Ms Glass says her investigation will consider the conditions under which people have been detained at the tower, the nature and accessibility of official communications with residents, and the nature and appropriateness of restrictions upon people's access to fresh air, exercise, medical care and medical supplies.
As of Thursday, there were 250 coronavirus cases linked to the public housing towers in North Melbourne and Flemington.
The Alfred Street tower was one of nine in those areas to be put into a strict lockdown from 4 to 9 July.
Eight of the towers have reverted to stage three restrictions with the rest of Melbourne, while residents of Alfred Street remain in self-quarantine after it recorded more cases than the other buildings.
Ms Glass said during a global health emergency governments had to act swiftly to save lives, but not at the cost of basic human rights.
"People on the front line are doing an extraordinary job to respond to this crisis and help keep us safe.
"However, there are lessons to be learnt in how governments can do that in a way that protects people's human rights, including access to fresh air, exercise and medical supplies," she said.
Ms Glass added any resident with concerns about their situation can contact her office.
The investigation comes as Victoria on Thursday reached its highest daily number of COVID-19 cases after one week of the new lockdown to bring the coronavirus under control, with 317 new cases.
It marked Australia's biggest daily increase since the start of the pandemic.
Two men in their 80s also succumbed to the disease on Wednesday, bringing the total number of deaths in Victoria to 29 and the national toll to 113.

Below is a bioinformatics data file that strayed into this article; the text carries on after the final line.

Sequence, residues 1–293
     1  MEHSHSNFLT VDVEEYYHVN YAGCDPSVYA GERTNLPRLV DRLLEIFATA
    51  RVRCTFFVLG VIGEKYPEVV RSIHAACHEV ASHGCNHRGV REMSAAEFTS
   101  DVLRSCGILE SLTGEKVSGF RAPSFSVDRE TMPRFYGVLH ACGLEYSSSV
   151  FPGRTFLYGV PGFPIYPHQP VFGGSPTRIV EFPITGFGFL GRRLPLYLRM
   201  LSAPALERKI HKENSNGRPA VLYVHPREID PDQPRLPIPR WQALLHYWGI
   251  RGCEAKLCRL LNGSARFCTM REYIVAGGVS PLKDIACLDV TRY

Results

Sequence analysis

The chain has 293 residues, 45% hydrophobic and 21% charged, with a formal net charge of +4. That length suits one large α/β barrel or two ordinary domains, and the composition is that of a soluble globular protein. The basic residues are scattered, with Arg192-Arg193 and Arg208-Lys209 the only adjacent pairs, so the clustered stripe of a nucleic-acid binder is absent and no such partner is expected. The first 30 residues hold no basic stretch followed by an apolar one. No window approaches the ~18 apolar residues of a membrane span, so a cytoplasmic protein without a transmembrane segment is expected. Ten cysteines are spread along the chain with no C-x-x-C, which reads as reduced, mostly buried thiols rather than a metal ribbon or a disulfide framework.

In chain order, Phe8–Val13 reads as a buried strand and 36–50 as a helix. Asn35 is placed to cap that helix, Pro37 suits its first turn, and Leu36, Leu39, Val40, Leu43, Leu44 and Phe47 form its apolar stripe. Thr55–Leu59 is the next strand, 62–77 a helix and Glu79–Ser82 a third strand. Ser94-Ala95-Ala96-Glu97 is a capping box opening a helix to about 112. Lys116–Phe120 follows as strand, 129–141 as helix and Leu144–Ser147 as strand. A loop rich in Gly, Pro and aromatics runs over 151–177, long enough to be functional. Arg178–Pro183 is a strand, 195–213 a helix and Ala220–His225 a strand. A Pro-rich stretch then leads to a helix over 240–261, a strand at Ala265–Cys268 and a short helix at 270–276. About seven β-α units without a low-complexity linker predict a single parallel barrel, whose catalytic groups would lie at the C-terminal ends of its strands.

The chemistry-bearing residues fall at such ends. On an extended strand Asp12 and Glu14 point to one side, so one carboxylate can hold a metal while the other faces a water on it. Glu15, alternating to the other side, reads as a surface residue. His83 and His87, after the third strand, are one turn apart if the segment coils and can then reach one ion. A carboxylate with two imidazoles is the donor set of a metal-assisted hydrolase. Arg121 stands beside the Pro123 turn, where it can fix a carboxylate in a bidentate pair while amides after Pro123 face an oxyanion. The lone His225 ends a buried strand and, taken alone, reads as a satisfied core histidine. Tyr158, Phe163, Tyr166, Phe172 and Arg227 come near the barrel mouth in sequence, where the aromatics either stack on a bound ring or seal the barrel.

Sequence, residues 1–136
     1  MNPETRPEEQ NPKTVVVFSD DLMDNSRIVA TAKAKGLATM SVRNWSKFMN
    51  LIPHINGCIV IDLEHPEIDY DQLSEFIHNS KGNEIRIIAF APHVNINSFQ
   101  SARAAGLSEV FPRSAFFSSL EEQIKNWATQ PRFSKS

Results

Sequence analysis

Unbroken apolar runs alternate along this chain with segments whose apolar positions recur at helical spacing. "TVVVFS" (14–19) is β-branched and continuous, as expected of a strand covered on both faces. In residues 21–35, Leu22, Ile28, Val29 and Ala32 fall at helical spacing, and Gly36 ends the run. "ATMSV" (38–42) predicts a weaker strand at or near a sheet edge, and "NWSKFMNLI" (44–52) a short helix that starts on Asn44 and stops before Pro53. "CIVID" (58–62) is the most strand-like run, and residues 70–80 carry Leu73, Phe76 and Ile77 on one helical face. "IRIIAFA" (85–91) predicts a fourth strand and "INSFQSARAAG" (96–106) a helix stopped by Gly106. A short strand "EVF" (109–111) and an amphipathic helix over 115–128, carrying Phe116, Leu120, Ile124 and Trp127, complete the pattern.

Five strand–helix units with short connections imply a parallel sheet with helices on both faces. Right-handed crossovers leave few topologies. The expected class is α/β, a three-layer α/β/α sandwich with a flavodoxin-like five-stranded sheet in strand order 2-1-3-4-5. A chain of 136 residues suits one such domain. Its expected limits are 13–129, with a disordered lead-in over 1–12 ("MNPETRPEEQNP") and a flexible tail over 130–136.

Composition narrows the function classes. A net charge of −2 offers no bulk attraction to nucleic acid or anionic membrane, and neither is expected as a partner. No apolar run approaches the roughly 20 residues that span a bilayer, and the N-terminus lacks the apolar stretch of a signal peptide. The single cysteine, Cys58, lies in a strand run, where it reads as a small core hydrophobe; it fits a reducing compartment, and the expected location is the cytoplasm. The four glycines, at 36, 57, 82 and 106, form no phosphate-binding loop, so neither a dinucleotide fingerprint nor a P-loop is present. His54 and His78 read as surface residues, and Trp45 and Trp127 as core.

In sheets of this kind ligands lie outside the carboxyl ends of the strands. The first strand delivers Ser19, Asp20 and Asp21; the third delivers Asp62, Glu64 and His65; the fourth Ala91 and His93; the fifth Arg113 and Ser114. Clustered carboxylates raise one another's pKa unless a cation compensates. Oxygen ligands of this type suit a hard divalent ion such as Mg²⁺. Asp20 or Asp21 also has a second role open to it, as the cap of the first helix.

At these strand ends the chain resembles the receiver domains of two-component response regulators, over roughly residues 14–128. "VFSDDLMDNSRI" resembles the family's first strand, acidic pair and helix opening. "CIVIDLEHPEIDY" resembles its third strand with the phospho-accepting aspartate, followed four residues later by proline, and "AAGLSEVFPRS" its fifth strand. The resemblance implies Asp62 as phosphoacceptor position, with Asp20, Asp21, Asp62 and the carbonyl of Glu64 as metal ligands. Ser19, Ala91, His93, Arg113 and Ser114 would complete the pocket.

Metropolitan Melbourne and Mitchell Shire have been in stage three lockdown for a week and are expected to remain under those conditions until 19 August.
Under stage three restrictions people in the locked-down areas are allowed to leave their homes to buy food and supplies, care and caregiving, go to work or school if they cannot do so from home, and exercise.
The government has clarified that people cannot travel for exercise, stating that driving across the city to a favourite walking track is not allowed and people must exercise within their neighbourhoods.
Residents in metropolitan Melbourne are subject to stay-at-home orders and can only leave home for essential work, study, exercise or care responsibilities. People are also advised to wear masks in public.
People in Australia must stay at least 1.5 metres away from others. Check your state’s restrictions on gathering limits.
If you are experiencing cold or flu symptoms, stay home and arrange a test by calling your doctor or contact the Coronavirus Health Information Hotline on 1800 020 080.
News and information is available in 63 languages at sbs.com.au/coronavirus